The growth of pharmaceutical production, which supported the GDP, is considered lumpy and volatile.
Singapore's 5.2% GDP growth is not sustainable, Morgan Stanley said.
The strong GDP print was largely driven by higher manufacturing output as well as inventory buildup, which was caused by a sharp rebound in pharmaceuticals.
However, pharmaceutical production is considered "typically lumpy and volatile." Manufacturing momentum is yet to normalize, but it should remain at a healthy level as it heads into 2018.
The contribution of inventory build-up should also decline as inventories would have to be run down and destocking would subtract from headline growth.
Capital expenditure has stayed tepid, mainly due to weak private construction activity, which was, in turn, driven by the moribund property market.
However, private construction activities should pick up as the property market recovers and the number of en bloc transactions rise, spurring building works. The government is also planning to spend $1.4b for public projects next year to boost the construction sector.
Private consumption has also seen a slight turnaround, which went up 0.6% YoY in 2016.
Speculations of a Goods and Services Tax (GST) rate hike appeared after the prime minister said there is a need to raise tax revenue.
Morgan Stanley economist Deyi Tan said, "Historically, private consumption sequential momentum has tended to see a short-lived contraction in the quarter when the GST rate was raised/introduced, before normalizing in the following quarters. As such, we do not expect a potential GST rate hike to derail the recovery, particularly given that policymakers would typically attempt to cushion the impact for lower-/middle-income households via direct transfers."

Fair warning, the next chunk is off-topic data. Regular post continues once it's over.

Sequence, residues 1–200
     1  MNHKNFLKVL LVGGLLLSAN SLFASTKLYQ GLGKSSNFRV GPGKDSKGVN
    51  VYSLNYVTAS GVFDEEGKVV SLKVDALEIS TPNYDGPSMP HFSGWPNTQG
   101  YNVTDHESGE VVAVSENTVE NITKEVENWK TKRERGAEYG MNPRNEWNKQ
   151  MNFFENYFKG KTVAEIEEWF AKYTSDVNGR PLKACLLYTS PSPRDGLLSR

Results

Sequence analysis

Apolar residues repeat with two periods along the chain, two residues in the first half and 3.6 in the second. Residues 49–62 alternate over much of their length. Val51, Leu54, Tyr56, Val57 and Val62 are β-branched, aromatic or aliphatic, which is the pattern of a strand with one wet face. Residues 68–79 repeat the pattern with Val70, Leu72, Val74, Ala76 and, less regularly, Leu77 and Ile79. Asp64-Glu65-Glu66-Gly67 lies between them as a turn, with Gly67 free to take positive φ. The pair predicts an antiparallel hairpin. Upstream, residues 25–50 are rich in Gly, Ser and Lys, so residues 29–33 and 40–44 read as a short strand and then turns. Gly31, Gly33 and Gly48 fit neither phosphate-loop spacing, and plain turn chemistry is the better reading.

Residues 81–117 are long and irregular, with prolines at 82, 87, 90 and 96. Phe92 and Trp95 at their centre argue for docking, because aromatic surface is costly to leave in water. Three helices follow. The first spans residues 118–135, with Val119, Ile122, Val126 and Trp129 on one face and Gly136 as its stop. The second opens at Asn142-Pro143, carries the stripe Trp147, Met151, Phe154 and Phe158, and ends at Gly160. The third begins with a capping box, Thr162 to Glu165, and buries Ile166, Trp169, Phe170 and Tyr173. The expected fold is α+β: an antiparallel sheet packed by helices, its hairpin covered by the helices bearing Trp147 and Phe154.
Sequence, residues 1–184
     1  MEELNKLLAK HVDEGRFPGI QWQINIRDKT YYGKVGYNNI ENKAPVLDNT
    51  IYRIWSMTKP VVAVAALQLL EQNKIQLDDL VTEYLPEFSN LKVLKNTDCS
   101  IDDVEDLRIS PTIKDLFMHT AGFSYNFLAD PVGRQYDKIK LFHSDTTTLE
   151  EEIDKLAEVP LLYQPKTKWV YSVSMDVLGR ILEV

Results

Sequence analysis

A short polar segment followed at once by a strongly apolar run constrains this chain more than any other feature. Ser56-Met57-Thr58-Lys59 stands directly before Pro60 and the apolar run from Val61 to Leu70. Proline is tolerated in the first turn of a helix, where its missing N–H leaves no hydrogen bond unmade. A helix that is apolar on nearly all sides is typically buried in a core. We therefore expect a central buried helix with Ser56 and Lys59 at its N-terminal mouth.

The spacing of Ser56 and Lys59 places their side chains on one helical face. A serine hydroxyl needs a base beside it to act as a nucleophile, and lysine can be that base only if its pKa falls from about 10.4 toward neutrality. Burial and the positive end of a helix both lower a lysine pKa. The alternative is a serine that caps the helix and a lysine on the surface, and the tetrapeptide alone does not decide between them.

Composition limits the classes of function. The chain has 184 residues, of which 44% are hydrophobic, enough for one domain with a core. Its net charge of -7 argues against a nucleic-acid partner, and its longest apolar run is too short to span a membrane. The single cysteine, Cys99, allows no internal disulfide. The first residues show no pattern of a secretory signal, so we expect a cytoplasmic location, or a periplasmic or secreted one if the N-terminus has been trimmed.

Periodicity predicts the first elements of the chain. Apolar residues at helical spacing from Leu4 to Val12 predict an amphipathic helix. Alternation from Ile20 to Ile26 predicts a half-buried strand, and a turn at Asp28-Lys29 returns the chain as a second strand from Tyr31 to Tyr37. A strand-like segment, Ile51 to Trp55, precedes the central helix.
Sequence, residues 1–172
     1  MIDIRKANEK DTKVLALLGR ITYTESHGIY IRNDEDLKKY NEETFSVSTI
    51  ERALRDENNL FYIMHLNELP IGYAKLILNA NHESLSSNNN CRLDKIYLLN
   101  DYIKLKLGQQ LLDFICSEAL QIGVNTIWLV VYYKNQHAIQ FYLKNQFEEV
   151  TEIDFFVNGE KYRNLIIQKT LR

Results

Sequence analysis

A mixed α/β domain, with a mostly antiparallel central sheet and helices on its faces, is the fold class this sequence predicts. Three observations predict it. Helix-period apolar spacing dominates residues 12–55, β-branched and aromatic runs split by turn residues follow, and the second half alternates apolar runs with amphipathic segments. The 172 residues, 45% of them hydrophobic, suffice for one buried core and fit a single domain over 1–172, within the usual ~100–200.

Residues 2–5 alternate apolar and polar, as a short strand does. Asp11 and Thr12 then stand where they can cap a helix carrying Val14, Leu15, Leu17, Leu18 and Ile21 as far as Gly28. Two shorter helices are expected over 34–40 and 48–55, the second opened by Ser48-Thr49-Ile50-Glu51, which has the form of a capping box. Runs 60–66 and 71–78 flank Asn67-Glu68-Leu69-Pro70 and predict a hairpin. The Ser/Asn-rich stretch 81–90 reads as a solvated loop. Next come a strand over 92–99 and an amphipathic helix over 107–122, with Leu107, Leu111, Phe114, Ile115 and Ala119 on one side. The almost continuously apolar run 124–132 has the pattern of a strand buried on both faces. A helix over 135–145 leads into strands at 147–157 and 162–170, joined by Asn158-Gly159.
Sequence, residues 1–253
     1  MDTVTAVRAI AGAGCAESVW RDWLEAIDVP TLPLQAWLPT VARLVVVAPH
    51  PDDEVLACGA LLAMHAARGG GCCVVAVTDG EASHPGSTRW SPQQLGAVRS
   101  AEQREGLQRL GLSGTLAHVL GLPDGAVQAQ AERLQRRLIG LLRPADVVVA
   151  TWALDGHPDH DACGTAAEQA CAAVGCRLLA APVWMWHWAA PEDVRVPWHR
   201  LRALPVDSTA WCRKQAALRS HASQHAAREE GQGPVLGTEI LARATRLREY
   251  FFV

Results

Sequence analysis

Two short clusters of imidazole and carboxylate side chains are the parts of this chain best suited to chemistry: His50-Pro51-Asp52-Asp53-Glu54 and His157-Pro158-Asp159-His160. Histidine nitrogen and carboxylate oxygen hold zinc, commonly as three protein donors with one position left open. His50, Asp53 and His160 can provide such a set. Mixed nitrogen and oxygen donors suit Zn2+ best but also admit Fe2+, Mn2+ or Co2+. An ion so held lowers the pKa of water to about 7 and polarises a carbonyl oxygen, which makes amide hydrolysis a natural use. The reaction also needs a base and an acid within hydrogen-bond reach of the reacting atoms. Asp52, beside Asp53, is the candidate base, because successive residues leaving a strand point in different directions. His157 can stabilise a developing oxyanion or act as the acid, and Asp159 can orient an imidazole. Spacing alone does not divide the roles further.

The firm said private consumption should pick up gradually amidst better labour market conditions. They forecasted a 2% increase in 2017.
Overall, Morgan Stanley remains bullish on Singapore's economy thanks to more conducive external environment and a broader property market recovery. It raised its GDP growth forecast to 2.7% next year and 2.9% in 2019.
Here's more from Morgan Stanley:
Looking beyond the cyclical growth pickup, Singapore still faces structural challenges from high leverage, weak demography,and a less-aggressive immigration policy. Hence, macro-rebalancing is still needed to improve medium-term growth prospects.
In this context, we note that policymakers have taken steps to spur innovation, drive productivity growth, and enhance the digital economy, such as the SkillsFuture program and the Smart Nation initiative.
In addition, under the $4.5b Industry Transformation Programme, in which individually tailored Industry Transformation Maps (ITMs) have been planned for 23 industries, 14 ITMs have already been launched, with the latest being construction, financial services, and ICT and media.
In our view, productivity improvement is a multiyear effort. That said, we have seen early signs of the efforts bearing fruit, as labour productivity has picked up to 5.5% YoY in 3Q2017 (vs.3.2% YoY in 2Q2017).
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